If ever there were a film thematically befitting the Twilight Time label, Richard Brooks’ epic ode to a dying West is it. Like Peckinpah’s The Wild Bunch before it 1975′s Bite the Bullet occupies a time and place of fading, in which the majesty and thrill of the old West is wrangled for cheap spectacle and circulation boosting by way of a turn of the century newspaper-financed 700 mile endurance horse race. With a $2,000 prize on the line, and substantially more bet on the side, the event brings out all types, from a aging cowboys and fresh young upstarts to a former prostitute and a pair of Teddy’s own Rough Riders, but as the miles drag on it becomes obvious that the contestant’s various personal stakes amount to a sight more than a stack of bills and a name in the paper.

Central to the story is the enigmatic Sam Clayton (Gene Hackman), a veteran of San Juan Hill who is hired as deliveryman for the paper’s champion horse, but fired from the team when his respect for the creatures leaves him late for the delivery. Initially wanting no part of a ‘gut-busting, back-twisting, man-killing goddamn race’ Clayton eventually signs on, leaving his own motivations unclear and joining the roster of fortune-hunters and glory-seekers as an independent. As the race winds on, one 100-mile stretch at a time, Clayton’s path intersects with those of the other contestants – including fellow Rough Rider Luke Matthews (James Coburn!), a gambler who has bet more than he can pay on his own chances, an Englishman (Ian Bannen) with a taste for American sport, and a Mexican (Mario Arteaga) with one mother of a tooth ache, the solution to which provides the film with its title.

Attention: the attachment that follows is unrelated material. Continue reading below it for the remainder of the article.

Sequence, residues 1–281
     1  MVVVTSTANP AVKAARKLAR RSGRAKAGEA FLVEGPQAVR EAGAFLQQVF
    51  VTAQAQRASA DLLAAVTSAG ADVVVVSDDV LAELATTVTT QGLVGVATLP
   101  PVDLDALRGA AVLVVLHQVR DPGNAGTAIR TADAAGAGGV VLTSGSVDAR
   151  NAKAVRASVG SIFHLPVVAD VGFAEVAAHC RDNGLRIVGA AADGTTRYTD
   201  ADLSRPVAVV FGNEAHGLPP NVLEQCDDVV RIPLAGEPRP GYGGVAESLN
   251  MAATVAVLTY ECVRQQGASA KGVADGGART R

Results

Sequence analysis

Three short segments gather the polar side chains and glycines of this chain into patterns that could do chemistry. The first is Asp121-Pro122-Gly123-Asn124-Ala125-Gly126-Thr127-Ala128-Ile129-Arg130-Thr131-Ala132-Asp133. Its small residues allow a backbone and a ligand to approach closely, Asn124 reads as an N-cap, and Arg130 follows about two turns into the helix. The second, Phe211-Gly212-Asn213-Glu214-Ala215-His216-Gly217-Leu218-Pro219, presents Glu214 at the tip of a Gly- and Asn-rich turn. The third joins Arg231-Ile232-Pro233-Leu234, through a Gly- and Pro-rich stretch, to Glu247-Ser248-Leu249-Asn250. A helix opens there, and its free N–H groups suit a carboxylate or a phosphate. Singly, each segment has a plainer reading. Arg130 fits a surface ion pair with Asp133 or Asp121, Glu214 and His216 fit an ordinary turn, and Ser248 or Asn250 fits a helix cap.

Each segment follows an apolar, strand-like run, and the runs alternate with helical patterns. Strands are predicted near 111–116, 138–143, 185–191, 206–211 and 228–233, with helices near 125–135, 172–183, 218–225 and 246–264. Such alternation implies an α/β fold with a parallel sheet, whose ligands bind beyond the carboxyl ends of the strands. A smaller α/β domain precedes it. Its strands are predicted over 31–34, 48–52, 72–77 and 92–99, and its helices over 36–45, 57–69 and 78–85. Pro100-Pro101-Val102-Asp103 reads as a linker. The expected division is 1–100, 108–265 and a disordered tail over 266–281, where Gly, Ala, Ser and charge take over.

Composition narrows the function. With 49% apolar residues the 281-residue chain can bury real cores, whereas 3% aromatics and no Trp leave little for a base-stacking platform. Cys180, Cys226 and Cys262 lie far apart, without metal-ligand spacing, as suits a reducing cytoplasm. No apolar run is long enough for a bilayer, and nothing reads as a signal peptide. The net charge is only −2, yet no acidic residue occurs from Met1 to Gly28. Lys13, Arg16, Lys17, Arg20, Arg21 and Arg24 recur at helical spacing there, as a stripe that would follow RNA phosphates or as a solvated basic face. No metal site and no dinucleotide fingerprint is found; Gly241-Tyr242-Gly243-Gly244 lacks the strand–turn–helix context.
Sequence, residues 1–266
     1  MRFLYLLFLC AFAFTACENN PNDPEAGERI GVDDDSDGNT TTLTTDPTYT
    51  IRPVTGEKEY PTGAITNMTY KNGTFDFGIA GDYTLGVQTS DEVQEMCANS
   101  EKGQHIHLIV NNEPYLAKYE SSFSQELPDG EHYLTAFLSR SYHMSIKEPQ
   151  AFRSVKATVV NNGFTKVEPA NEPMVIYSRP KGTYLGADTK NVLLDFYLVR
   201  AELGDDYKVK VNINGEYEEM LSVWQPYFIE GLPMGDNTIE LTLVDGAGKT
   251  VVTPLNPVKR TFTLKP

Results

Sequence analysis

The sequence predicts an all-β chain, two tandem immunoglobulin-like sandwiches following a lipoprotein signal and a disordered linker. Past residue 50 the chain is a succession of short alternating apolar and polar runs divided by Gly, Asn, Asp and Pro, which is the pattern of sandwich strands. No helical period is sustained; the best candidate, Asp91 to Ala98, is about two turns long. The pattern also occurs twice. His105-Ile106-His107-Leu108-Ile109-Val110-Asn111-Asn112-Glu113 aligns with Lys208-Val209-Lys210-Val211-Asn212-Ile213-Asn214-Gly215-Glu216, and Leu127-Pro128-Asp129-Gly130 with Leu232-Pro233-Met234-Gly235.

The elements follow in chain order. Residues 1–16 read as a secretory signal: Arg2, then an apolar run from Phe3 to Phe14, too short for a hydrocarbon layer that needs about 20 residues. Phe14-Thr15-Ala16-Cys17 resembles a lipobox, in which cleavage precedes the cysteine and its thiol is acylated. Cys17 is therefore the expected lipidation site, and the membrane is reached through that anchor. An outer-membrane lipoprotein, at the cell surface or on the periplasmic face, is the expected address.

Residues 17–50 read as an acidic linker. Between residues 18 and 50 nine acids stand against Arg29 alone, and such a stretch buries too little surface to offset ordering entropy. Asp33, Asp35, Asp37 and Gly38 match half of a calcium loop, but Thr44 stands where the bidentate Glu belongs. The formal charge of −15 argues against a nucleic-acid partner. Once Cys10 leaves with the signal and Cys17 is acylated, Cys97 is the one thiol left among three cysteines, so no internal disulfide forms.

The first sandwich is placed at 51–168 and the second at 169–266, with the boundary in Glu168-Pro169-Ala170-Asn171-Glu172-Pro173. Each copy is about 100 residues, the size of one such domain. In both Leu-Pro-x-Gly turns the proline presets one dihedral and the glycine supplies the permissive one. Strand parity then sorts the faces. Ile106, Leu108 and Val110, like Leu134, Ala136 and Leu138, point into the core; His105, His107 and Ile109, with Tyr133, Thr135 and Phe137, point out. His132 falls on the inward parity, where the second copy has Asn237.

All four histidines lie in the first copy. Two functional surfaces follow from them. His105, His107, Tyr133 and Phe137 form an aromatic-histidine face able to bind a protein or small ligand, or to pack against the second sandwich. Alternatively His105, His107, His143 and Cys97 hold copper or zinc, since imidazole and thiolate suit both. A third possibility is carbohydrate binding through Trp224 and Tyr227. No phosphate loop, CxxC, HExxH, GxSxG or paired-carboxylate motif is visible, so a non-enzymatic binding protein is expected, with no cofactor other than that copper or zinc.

Bite the Bullet‘s under-celebrated director Richard Brooks had already proven himself on such contemporary classics as Elmer Gantry, Cat on a Hot Tin Roof, The Professionals and In Cold Blood by the time the 1970′s rolled around, and his work here is typically excellent. The events surrounding the race are purported with documentary precision, while the race itself is granted an almost mythic significance through a few deliciously calculated flourishes and a deft, spare usage of overcranking. The latter makes an indelible mark midway through the film, presenting one ambitious young rider’s futile effort to achieve his goal (to catch up to the front runner even as his own horse dies of exhaustion) with a nightmarish efficacy.